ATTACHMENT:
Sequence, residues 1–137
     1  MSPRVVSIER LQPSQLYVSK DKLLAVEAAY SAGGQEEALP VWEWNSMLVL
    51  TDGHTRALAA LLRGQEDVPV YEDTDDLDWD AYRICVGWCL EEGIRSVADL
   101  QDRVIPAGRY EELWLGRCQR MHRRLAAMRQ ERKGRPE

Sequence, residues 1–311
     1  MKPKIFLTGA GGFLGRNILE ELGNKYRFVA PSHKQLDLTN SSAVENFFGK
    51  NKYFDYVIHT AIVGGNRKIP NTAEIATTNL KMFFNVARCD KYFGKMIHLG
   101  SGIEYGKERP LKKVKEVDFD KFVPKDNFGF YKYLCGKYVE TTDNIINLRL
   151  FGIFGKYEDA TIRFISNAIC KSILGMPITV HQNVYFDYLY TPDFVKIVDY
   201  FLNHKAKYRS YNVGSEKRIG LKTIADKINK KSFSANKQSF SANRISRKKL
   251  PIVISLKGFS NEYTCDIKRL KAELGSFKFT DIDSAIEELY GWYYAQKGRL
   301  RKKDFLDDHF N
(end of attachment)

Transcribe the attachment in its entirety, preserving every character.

Sequence, residues 1–137
     1  MSPRVVSIER LQPSQLYVSK DKLLAVEAAY SAGGQEEALP VWEWNSMLVL
    51  TDGHTRALAA LLRGQEDVPV YEDTDDLDWD AYRICVGWCL EEGIRSVADL
   101  QDRVIPAGRY EELWLGRCQR MHRRLAAMRQ ERKGRPE

Sequence, residues 1–311
     1  MKPKIFLTGA GGFLGRNILE ELGNKYRFVA PSHKQLDLTN SSAVENFFGK
    51  NKYFDYVIHT AIVGGNRKIP NTAEIATTNL KMFFNVARCD KYFGKMIHLG
   101  SGIEYGKERP LKKVKEVDFD KFVPKDNFGF YKYLCGKYVE TTDNIINLRL
   151  FGIFGKYEDA TIRFISNAIC KSILGMPITV HQNVYFDYLY TPDFVKIVDY
   201  FLNHKAKYRS YNVGSEKRIG LKTIADKINK KSFSANKQSF SANRISRKKL
   251  PIVISLKGFS NEYTCDIKRL KAELGSFKFT DIDSAIEELY GWYYAQKGRL
   301  RKKDFLDDHF N